One of the Senate’s most powerful Democrats said Tuesday that he will vote to confirm acting CIA Director Gina Haspel as the agency’s permanent director, despite concerns over her connections to the agency’s practice of torturing terrorism suspects after 9/11.
“There are valid questions that have been raised regarding [Haspel’s] record, and I have been frank with Ms. Haspel that I wish she had been more open with the American public during this process,” Sen. Mark Warner (D-Va.), the top Democrat on the Senate Intelligence Committee, said in a statement Tuesday afternoon. “However, in both our one-on-one meetings and in classified session before the Committee, I found Acting Director Haspel to be more forthcoming regarding her views on the interrogation program.”
The committee will vote Wednesday morning on whether to advance Haspel’s nomination to the full Senate. Sen. Diane Feinstein (D-Calif.), who was the top Democrat on the committee until November 2016, has said she’ll vote no, but Sen. Joe Manchin (D-W.Va.) has indicated he will vote yes, aligning with the Republicans on the committee who spent much of their time during her May 9 confirmation hearing praising her.
Warner said during that hearing that he was disappointed with Haspel’s answers related to the morality of the agency’s practices after 9/11. Warner repeatedly tried to get Haspel to address the morals and fundamental values behind the agency’s practice of torturing terror suspects, but Haspel wouldn’t bite. Warner asked Haspel, “With the benefit of hindsight, do you believe the program, the interrogation program, was consistent with American values?”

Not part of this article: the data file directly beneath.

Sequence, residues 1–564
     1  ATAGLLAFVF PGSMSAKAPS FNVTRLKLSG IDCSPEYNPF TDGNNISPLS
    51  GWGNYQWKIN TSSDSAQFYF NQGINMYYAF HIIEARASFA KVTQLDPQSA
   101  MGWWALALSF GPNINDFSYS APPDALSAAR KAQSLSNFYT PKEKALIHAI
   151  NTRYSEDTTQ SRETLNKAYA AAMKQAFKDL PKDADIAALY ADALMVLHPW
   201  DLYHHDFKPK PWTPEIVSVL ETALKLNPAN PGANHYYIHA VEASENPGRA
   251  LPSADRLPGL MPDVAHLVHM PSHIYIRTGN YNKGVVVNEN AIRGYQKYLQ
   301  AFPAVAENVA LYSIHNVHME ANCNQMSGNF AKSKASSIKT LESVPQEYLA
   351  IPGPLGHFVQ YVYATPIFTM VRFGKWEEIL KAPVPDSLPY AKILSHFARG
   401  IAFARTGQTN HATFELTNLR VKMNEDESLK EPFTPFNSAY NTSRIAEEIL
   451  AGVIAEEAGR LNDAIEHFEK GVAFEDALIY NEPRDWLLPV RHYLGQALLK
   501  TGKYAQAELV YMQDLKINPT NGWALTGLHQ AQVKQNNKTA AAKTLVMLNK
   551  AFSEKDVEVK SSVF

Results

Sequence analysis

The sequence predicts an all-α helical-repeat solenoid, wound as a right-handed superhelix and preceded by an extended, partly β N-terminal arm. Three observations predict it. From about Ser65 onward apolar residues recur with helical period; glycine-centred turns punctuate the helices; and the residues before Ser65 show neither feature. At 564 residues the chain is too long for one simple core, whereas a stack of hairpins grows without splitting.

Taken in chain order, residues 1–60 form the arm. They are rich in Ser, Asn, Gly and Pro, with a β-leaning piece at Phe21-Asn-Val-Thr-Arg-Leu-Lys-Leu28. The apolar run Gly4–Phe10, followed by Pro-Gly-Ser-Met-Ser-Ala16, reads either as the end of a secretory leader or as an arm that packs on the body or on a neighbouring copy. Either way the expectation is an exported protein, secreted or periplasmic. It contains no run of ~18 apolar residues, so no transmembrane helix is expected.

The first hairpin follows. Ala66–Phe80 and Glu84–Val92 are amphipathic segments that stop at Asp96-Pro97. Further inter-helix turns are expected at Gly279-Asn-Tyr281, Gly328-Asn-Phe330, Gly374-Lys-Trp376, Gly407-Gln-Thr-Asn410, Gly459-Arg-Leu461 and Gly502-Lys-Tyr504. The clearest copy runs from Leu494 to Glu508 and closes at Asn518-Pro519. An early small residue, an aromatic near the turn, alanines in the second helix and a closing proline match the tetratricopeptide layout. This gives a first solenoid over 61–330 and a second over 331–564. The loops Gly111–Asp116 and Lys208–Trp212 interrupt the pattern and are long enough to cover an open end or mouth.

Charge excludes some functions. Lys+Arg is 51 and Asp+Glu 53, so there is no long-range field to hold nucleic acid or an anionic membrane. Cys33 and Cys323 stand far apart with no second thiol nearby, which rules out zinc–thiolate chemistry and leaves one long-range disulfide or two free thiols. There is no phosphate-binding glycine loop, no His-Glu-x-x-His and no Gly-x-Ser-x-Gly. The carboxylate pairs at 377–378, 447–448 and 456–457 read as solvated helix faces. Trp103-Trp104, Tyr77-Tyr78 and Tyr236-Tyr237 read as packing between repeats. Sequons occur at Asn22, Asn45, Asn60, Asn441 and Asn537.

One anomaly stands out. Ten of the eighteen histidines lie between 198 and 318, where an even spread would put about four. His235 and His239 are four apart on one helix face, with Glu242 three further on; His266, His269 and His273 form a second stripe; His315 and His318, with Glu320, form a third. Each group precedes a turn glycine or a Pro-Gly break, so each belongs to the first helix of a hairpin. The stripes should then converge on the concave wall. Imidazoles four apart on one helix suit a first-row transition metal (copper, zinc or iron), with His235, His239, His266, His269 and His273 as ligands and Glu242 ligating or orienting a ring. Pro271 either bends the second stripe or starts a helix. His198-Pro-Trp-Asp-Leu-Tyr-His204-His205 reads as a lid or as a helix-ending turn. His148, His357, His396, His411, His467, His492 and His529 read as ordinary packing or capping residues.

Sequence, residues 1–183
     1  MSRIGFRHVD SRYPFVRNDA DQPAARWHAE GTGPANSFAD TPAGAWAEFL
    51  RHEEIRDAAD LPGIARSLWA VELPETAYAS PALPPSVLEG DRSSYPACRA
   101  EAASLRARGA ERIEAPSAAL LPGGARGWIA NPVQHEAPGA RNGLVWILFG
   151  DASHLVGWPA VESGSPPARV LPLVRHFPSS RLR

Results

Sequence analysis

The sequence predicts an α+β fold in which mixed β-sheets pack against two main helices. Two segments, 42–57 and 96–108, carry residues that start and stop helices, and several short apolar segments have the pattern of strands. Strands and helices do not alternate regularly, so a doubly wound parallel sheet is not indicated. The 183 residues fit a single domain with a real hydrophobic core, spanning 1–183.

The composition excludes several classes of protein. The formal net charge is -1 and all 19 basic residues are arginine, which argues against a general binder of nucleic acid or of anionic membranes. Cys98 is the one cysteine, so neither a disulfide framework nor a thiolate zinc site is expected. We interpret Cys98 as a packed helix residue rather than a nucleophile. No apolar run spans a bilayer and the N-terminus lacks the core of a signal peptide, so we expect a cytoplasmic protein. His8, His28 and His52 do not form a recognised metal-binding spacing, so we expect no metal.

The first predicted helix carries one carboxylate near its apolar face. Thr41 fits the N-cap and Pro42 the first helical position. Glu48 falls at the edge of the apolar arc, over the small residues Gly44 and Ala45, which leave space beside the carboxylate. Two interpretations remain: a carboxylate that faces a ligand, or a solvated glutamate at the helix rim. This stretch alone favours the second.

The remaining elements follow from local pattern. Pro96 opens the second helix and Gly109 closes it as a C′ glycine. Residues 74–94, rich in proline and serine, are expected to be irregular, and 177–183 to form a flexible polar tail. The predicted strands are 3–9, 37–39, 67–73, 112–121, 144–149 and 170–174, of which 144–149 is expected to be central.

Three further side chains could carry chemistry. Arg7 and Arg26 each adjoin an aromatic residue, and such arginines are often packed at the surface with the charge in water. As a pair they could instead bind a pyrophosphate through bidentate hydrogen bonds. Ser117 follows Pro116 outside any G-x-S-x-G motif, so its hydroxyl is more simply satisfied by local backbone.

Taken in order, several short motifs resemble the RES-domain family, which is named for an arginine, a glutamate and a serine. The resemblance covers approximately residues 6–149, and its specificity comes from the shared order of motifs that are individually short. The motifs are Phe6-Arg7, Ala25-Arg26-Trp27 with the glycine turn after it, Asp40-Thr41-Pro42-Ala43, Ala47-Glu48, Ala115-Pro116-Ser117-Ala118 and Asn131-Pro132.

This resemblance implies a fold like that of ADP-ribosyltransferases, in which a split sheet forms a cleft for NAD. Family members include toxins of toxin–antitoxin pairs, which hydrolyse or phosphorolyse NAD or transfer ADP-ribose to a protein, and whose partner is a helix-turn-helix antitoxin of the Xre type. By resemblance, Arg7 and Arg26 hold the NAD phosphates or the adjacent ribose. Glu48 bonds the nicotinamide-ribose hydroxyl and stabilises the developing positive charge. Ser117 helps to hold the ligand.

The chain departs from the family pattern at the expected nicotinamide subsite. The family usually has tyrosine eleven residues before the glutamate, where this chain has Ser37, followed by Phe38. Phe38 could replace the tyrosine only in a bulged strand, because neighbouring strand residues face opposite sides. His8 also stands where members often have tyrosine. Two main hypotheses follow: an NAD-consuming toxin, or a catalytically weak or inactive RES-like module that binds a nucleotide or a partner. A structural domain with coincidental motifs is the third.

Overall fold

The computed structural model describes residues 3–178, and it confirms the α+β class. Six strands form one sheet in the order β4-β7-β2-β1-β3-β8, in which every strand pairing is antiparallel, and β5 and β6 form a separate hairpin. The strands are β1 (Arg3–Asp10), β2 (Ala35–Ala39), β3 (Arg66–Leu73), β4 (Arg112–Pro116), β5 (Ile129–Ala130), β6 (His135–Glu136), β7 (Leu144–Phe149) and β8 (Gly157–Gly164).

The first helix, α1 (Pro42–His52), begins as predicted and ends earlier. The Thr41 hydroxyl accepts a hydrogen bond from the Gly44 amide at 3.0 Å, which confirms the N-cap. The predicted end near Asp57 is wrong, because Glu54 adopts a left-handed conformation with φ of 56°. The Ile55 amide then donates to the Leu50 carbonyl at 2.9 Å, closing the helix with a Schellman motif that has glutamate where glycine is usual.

Haspel responded, “With some distance between us and the events of 9/11, the Congress, and indeed our nation, have had the opportunity to have a debate about the interrogation standards we want to use as the United States of America. We have decided to hold ourselves to a stricter moral standard…I support the United States holding itself to that stricter moral standard.” Warner called her answer “legalistic” and added that he needed a better sense of Haspel’s “moral code” before he decided whether to support her nomination.
On Monday, in a letter to Warner, Haspel tried to address Warner’s concerns. She said that as director she would “refuse to undertake any proposed activity that is contrary to my moral and ethical values”—a point she’d already made during her confirmation hearing—but went further than she did in the hearing in examining the agency’s use of torture and her role in it:
Over the last 17 years, the Agency and I have learned the hard lessons since 9/11. While I won’t condemn those that made these hard calls, and I have noted the valuable intelligence collected, the program ultimately did damage to our officers and our standing in the world. With the benefit of hindsight and my experience as a senior Agency leader, the enhanced interrogation program is not one the CIA should have undertaken.
Haspel also expressed regret that the CIA had initially withheld information about enhanced interrogation from the Senate Intelligence Committee, saying that it was “a mistake not to brief the entire Committee at the beginning.”